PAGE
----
Staying sober after rehab is a big part of the recovery process, and is typically achieved through participation in a sober living environment. A recent study by the National Institute on Drug Abuse found that in a group of over 500 people who were recently released from rehab, only 35% completed a follow-up treatment plan within 30 days. Consequently, they may not affiliate with any organized support group after rehab and simply return to the life that led them to substance abuse in the first place.
Sober living is a residence that provides housing, work or volunteer opportunities, and support services for individuals who need to live temporarily in an environment where drug and alcohol use are not tolerated. In recent years, the concept of sober living has been gaining momentum as a quick, affordable way to transition out of treatment and begin working on maintaining sobriety. When an individual completes formal rehab treatment, they are given the tools to maintain sobriety for life. However, after completion of their formal program, these tools are not as readily available. In the “real world,” there is a major change of environment and a dramatic increase in stress level that can make it challenging to maintain sobriety on one’s own. That is why sober living is so strongly recommended after rehab.
Sober living offers addicts a unique opportunity: it enables them to live in a supportive, drug-free environment while they ease back into day-to-day life, adjust to sobriety, and look for a job. In most sober living homes, residents are required to be actively engaged in an approved program of recovery. Typically this means attending AA or NA meetings at least three times per week. Sober living homes provide a safe and supportive environment for those who need a break from the “real world.”
Most sober living centers have an extensive network of 12-step meetings, as well as psychiatric care providers. In addition to ensuring that addicts have access to meetings during those first difficult months after rehab, many offer support groups such as Narcotics Anonymous or Cocaine Anonymous that help recovering addicts maintain their sobriety.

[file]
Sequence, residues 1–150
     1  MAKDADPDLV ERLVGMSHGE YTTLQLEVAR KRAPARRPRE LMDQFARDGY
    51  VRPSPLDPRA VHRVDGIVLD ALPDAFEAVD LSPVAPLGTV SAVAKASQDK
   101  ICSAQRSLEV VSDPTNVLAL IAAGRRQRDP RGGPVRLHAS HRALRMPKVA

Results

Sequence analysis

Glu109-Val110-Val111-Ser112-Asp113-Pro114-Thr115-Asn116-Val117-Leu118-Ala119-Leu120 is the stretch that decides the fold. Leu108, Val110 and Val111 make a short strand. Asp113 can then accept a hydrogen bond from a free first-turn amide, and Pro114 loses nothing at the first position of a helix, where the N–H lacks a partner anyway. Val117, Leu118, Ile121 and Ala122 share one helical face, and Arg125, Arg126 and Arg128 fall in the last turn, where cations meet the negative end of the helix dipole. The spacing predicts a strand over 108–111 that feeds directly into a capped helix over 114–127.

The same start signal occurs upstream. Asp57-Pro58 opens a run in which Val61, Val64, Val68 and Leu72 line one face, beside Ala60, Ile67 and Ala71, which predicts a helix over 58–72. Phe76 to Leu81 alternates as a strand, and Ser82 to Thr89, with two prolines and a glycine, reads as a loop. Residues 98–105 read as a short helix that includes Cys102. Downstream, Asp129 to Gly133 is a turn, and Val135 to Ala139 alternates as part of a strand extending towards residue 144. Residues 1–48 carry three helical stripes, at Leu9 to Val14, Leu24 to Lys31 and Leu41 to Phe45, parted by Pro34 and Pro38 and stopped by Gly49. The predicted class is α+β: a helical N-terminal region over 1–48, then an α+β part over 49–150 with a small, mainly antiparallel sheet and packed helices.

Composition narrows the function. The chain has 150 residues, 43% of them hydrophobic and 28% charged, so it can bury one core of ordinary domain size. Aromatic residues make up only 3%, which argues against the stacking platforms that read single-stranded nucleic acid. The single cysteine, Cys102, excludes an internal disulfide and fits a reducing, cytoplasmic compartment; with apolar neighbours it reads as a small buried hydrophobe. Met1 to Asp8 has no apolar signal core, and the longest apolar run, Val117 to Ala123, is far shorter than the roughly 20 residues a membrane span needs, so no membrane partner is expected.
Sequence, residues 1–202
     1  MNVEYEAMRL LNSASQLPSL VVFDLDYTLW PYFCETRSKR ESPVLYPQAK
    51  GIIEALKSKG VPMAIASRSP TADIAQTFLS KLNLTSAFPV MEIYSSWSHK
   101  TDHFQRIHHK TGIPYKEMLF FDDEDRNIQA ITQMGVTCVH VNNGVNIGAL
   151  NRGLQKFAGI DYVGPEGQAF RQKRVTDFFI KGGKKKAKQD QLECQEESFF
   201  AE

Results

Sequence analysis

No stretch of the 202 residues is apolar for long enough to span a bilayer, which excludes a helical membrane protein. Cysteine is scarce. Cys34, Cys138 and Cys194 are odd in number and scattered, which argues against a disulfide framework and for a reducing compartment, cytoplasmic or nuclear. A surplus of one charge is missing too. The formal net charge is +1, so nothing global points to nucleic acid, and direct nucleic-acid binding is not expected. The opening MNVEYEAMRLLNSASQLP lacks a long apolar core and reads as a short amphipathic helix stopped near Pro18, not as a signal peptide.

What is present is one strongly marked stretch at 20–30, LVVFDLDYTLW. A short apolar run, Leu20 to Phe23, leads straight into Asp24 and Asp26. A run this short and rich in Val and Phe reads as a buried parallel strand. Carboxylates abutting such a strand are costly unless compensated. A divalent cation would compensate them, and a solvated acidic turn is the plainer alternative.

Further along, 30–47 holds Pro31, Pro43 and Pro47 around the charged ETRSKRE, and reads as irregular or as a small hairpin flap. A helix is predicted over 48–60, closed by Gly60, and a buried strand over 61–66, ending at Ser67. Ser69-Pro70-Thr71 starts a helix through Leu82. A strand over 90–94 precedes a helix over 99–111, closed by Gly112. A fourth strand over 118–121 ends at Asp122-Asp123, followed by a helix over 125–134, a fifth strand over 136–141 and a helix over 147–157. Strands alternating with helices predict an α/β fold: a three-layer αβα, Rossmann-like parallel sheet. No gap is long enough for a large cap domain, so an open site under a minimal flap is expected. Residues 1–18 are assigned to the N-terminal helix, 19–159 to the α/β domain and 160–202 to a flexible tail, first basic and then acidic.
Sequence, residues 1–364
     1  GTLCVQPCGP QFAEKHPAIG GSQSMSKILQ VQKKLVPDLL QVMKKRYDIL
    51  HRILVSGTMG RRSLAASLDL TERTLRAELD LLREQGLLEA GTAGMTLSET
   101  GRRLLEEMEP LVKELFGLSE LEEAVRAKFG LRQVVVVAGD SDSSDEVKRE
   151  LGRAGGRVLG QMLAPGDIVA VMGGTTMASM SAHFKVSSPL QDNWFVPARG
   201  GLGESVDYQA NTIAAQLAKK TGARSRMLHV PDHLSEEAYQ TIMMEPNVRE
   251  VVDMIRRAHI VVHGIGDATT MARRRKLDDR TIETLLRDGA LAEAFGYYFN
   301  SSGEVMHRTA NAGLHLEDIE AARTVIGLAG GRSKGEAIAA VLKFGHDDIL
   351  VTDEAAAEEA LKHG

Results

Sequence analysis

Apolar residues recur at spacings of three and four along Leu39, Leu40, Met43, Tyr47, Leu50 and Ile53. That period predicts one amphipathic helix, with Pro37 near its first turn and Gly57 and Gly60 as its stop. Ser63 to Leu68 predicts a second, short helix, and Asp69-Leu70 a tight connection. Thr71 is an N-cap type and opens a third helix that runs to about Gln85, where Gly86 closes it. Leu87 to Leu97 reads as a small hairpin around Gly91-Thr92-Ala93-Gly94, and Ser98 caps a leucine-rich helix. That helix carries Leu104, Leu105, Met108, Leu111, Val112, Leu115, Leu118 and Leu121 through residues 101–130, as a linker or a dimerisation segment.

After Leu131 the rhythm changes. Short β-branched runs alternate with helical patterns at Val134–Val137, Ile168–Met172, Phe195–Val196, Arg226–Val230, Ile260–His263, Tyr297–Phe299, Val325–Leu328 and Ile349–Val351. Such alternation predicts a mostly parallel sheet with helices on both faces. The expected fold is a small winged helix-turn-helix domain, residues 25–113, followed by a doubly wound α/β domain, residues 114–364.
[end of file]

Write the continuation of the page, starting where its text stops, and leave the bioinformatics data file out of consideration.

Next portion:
Most sober living home leases are month-to-month with no long-term commitment, allowing residents to keep their options open. Sober living homes can be a transitional step between formal rehab and an independent life. In addition, there are usually no fees for the first two weeks of residency, making it possible for many addicts to take advantage of this option even if they have limited finances. The sober living arrangement can be particularly useful for those who are making the transition from rehab back to work. The house may provide transportation to and from work, set up physical exams with insurance companies, or help an employer understand their new employee’s situation.
There is more to living in a sober house than just attending 12-step meetings, of course.
Residents of sober houses are expected to take on some responsibilities and follow house rules. These can include basic chores such as doing the dishes, sweeping the floors, taking out the trash, and doing yard work. They may also include rules about where and when to socialize outside of the house, curfews, mandatory urine testing, and even requirements that residents hold down a job or go to school full time. In most cases, these rules are created in an effort to help residents learn skills that they will need to succeed in the “real world.”
By requiring them to be productive members of their community and adhere to house rules and guidelines, sober living homes offer them a better chance at long-term sobriety. This is why it is strongly recommended that those who are newly sober seek out a sober living environment even if they choose to live on their own. Another key advantage of sober living is that residents are under 24-hour supervision. This means that if they feel a craving for drugs, they can turn to someone in the house rather than trying to fight off the urge alone. In fact, many sober houses have residents report their cravings by e-mail or phone so that staff can monitor them throughout the evening hours.
In conclusion, sober living homes can be an excellent option for those who are newly sober and need to ease back into life – but still want some guidance and structure. They allow people plenty of time to continue counseling and attend 12-step meetings, while providing a safe place for addicts to live until they transition into a more independent lifestyle. If you are ready to get started, call us today at any time at 424-499-2603.